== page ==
His family in China enjoyed his prosperity as he remitted regularly money to them. Their lives had been upgraded to the upper class. It enabled his eldest son Chew Cheng Liam to marry a rich family's daughter. She had bounded feet and a maid (slave girl) to attend to all her needs. In 1915 Chew Joo Chiat sent for his two sons Chew Cheng Liam and Chew Cheng Swee and Cheng Liam's family (his wife, 2 children and a maid) to join him in Singapore. They lived with Chew Joo Chiat in his three storey house. Later the two sons built their own homes along Joo Chiat Road and moved out. Like most Chinaman of his era, he was addicted to the persuit of wealth but never enjoy the luxury of life inspite of his wealth.  He died on 5th February 1926 leaving behind 2 sons, Cheng Liam 请廉 and Cheng Swee 请水, 3 daughters Gui Neo桂娘,Xian Neo羡娘,Su Lan素蘭, 5 grandsons Ann Sim安心, Ann Chi安持,Ann Siong安相,Ann Fu安扶,Ann Jing安静 and 3 grand-daughters Choo Neo珠娘,Pen Zhi盆治,Dan Zhi丹治。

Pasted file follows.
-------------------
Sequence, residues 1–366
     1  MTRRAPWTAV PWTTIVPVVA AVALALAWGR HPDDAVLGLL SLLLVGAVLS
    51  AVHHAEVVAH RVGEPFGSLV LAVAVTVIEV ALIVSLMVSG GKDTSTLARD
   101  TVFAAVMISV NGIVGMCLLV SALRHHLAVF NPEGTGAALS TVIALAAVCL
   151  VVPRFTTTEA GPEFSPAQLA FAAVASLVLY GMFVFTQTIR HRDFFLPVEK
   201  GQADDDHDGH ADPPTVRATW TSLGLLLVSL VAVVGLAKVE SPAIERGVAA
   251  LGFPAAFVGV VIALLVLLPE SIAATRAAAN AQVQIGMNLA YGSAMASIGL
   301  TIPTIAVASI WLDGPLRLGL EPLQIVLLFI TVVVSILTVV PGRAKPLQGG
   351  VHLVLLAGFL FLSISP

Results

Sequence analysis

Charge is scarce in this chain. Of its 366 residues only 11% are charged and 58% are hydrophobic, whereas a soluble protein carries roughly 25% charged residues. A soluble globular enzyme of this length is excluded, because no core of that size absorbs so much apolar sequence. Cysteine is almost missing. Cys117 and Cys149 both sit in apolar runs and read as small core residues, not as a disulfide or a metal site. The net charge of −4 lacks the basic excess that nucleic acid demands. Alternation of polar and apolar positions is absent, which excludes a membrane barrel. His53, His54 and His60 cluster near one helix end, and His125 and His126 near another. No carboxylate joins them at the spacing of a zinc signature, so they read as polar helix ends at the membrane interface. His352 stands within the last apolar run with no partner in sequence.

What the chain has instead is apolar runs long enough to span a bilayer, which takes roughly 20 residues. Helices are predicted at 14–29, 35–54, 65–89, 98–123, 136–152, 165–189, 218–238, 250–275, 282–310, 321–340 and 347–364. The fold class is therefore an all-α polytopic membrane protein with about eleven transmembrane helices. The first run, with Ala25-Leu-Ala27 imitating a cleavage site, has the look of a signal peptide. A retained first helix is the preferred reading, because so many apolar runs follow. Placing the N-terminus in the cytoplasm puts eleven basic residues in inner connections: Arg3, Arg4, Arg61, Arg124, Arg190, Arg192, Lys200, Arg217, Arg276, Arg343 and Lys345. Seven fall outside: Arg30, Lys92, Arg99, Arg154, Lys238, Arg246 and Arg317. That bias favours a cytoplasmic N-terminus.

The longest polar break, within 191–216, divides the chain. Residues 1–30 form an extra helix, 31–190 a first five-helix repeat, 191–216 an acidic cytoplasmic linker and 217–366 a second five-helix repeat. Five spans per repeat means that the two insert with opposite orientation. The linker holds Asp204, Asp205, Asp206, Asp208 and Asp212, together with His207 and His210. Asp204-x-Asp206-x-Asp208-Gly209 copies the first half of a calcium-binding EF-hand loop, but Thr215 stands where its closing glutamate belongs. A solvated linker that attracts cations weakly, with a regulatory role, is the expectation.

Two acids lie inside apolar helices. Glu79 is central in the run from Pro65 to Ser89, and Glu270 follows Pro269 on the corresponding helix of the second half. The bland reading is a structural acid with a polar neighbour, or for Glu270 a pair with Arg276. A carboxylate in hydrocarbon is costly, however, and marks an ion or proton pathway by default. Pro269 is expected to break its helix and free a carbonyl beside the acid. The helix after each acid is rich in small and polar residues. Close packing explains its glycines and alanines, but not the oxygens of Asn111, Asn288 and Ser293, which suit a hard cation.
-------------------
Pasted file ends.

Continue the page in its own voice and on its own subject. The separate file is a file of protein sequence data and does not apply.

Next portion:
Chew Joo Chiat never return to his homeland at Her San 和山, Fujian福建 province in China since he came to Singapore. His root in China had been cut off permanently. On the other hand, he left a living legacy in his adopted land, Singapore. In Joo Chiat area many roads are named after him, such as Joo Chiat Road, Joo Chiat Place, Joo Chiat Terrace, Joo Chiat Lane, Joo Chiat Avenue and Joo Chiat Walk, and Joo Chiat Square. Joo Chiat market at Joo Chiat Road had demolished and replaced by Joo Chiat Complex. Joo Chiat Police Station was at East Coast Road. It had stopped functioning as a police station but the building is still there. Today Joo Chiat is a living legacy. In February 2011 Joo Chiat was awarded the first Heritage Town in Singapore.

Saturday, March 1, 2008

My Chew Joo Chiat Story Part I